A few days ago we went to visit the maker of most of our maneki-nekos and took some pictures in order to explain you how they are made.
This maker is located in Tokoname, just a few kilometers from our place.
First the clay is mixed with some kind of big mixer and then is poured inside molds.
The molds are left for a while until the cats are dry enough.
Then they are removed from the molds and are are put in wooden boxes in order to dry. The time this step takes depend of the temperature of the place and of the size of the statues.
Once they are dry and became white, they are cooked in big ovens.
Before to be painted they have to be polished.
Finally they are painted one by one and left for a while to dry.
Golden models have to go through a second cooking process after they have been painted.
You can find the products made by this craftsman as well as other models here.
We have been working for a little while on this version adapted to smartphones whether they are Iphones, Androids, Windows…
It’s been tested a lot but as we cannot verify it with all types of devices please let us know if you encounter any bug or display problem.
Also please note that for tablets (ipads…) normal version of the website will be displayed. It’s a choice we have made regarding the size of the tablets’ screens.
To see this version simply enter the usual url: http://www.tokyo-smart.com/en/. If you use a mobile device you will be automatically redirected to this new format.
Updating the main website (mostly to improve speed and usability) and creating this mobile version took us a lot of times that’s why we haven’t done much updates neither on the blog nor on Facebook. We left Twitter a bit on the side at the moment as it’s difficult to do too many things at the same time.
As usual any feedback is much welcomed !
This big boy is a special order from a customer living in Thailand. He is 48 cm tall and weight about 5.5 kg!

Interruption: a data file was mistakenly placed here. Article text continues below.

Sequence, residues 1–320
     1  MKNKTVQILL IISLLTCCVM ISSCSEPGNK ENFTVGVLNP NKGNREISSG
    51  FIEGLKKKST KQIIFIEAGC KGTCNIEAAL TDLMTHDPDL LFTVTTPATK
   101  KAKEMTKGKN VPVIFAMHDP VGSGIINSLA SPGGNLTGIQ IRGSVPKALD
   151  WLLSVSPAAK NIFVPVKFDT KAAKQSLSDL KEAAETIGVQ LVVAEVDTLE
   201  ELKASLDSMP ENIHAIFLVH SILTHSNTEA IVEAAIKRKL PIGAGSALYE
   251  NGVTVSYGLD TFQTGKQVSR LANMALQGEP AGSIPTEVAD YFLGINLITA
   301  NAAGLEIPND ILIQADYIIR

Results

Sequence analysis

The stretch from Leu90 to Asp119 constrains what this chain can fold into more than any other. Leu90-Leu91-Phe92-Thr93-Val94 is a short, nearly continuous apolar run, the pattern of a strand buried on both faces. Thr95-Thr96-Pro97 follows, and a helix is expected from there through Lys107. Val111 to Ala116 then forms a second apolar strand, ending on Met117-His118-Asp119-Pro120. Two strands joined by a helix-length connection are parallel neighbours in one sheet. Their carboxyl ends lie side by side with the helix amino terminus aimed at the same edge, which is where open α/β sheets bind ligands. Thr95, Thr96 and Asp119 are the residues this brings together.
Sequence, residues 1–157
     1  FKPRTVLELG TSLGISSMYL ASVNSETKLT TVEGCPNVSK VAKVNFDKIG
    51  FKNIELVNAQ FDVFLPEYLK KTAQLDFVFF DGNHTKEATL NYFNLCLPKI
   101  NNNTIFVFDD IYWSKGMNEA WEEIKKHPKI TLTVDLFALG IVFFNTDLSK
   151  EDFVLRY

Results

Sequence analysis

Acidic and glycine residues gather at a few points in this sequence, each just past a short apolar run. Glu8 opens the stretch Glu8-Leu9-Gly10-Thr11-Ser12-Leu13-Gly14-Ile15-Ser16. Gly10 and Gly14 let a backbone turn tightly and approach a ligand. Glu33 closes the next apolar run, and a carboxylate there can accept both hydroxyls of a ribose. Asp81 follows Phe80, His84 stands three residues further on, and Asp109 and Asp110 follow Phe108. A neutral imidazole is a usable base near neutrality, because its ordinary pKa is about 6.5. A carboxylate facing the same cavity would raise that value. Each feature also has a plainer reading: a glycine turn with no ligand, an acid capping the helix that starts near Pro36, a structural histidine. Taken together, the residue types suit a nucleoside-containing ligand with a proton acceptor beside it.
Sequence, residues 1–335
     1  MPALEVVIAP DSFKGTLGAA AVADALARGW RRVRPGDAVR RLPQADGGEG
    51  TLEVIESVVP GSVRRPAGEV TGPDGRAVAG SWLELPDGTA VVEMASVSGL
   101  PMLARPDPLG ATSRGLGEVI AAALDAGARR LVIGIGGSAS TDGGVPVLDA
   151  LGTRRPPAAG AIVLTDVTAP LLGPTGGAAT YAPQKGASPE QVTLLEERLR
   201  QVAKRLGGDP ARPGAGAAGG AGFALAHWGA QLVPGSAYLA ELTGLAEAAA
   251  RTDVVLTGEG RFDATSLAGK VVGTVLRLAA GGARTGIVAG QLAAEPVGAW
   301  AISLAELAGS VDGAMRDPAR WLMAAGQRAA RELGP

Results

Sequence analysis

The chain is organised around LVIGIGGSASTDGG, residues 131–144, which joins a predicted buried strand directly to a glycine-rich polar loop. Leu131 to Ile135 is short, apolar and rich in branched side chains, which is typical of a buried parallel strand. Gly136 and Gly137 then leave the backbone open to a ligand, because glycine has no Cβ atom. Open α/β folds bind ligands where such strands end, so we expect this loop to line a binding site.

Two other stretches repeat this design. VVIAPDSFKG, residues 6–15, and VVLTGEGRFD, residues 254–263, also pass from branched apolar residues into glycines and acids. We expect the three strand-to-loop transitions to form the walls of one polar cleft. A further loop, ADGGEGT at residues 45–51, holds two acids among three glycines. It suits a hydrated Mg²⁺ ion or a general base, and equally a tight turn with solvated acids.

We will take special care of him.
Just to remind you that we can provide special products which are not in our shop. That can be lucky cats like this one or other products that may be difficult to find.
So if you are looking for something special drop us a line and we will do our best to find something for you
Last Saturday we went to participate to a little local event called Mochi Nage in which six men throw dozens of rice cakes to people. This might sound a little bit strange to you but it perfectly makes sense to Japanese people as it is a custom.
It is believed that men’s disaster years are when they are 25, 42 and 61 year old.
So why these men throw tons of rice cakes ? It’s because they want to keep evil away by throwing these rice cakes which represents bad spirits.
Traditionally this event takes a place in temples or shrines or when a new house is built. A few men stand on the roof and throw rice cakes while other people wait on the ground to catch them.
It’s quite a lot of work to catch them as everyone want to get some.
We wish you a Happy New Year and hope 2013 will bring the best to you and your relatives!
New Year is a big event in Japan however Japanese people prepare and celebrate it in a very different way.
They traditionally want to start a new year with a fresh and clean mind and to symbolically get rid of all the bad things from the previous year by doing a big cleaning of their house and car just a few days before the end of December.
Despite internet it is also still very popular to send a lot of cards for the event before December 24th so it can be delivered exactly on the 1st of January. Note that if someone died during the previous year the members of his/her family should not send any New Year card.
Usually a variety of food is prepared for the next few days so there is no need to prepare anything for this resting time. At midnight it’s common to prepare soba to welcome the new year.
Unlike in many countries New Year Eve is not an especially an exciting event in Japan as most of people gather with family to eat and watch a TV music show on NHK called Kohaku which is broadcast every 31st of December since 1953!
If you have time and patience you can also grow the queue in one of the numerous shrine for a couple of hours in order to be able make a wish.
In our sides we still have many ideas and projects for Tokyo Smart including more pictures, more Facebook and even some videos!
See you soon for more news